The same applies to Boston mob boss Francis Costello from The Departed (#17) and, I would argue, the character variously known as Tom Stall and Joey Cusack in A History of Violence (#20). Technically Carl Fogarty and Ritchie Cusack are the “villains” in the latter film (not to mention corrupt Staff Sergeant Colin Sullivan in The Departed), but Viggo Mortensen’s Joey easily defeats them, with psychotic glee—all while the audience roots for him. Sullivan, meanwhile, may be corrupt, but he is also at the mercy of both Costello and his superiors. Thus, I exclude Fogarty, Ritchie Cusack and Sullivan.
Rounding out the top 20 by OAP is Black Swan (#16). Arguably, there is no true villain in this movie—except the obsessive desire for perfection in Natalie Portman’s Nina Sayers—so I exclude it.
At #26, we find the second of three Quentin Tarantino films, following Pulp Fiction (#19), the groundbreaking Reservoir Dogs. While this movie is almost nothing but villains, the standout is clearly “Mr. Blonde” (aka Vic Vega), whose sadism ruined Stealer’s Wheel’s “Stuck in the Middle With You” for many viewers. Meanwhile, at #65, there is Jackie Brown, whose survivor title character lands squarely in the CM category.
This brings us to two related films: The Black Dahlia (#27) and True Confessions (#90), both based on the still-unsolved January 1947 murder of Elizabeth Short. Because the “killer” in both films is the “actual” killer of Elizabeth Short—not an original character—I exclude them, leading to the fifth ground rule:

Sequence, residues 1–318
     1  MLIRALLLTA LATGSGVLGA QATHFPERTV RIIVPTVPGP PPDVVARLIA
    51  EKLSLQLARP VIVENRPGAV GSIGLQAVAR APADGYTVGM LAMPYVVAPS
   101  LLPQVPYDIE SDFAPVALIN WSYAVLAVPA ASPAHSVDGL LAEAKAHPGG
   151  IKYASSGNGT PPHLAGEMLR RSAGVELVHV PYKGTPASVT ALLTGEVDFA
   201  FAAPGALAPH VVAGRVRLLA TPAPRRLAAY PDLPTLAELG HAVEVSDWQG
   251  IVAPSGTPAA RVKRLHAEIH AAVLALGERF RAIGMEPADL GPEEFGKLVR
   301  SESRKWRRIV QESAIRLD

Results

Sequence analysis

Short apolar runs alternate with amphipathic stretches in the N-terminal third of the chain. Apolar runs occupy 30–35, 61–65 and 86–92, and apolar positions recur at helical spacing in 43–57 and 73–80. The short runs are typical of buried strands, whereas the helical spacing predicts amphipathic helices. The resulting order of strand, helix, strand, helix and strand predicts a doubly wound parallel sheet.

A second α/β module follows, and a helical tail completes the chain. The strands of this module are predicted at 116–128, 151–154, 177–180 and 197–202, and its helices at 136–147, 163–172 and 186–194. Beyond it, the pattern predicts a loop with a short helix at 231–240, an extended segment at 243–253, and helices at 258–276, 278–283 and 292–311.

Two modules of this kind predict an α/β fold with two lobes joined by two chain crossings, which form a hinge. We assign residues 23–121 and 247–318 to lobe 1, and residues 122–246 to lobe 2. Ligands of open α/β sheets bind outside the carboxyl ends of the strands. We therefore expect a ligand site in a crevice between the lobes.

Ground Rule #5: Characters based on real people, however loosely, are excluded.
This also rules out the “Scorpio” killer from Dirty Harry (#37)—though not the vigilantist Harry Callahan himself—and anyone from Zodiac (#43), because both films are based on the crimes of the real-life The Zodiac. This also means we skip over the marvelous Hollywoodland (#36), since it never truly resolves the unusual circumstances of actor George Reeves’ death—though it is tempting to add Adrien Brody’s scumbag private detective Louis Simo to the list. The Bank Job (#44) is based on real events in 1971 London. Indirectly—and sadly, because it is one of my favorite films—this eliminates anyone from Hammett (#75), a fictionalized account of author Dashiell Hammett’s life in San Francisco containing elements cribbed from The Maltese Falcon. If I were consistent, this rule would also eliminate Costello from The Departed, given his loose modeling on Boston crime boss James “Whitey” Bulger, Jr. The resemblance is just superficial enough, however, that I keep him for now.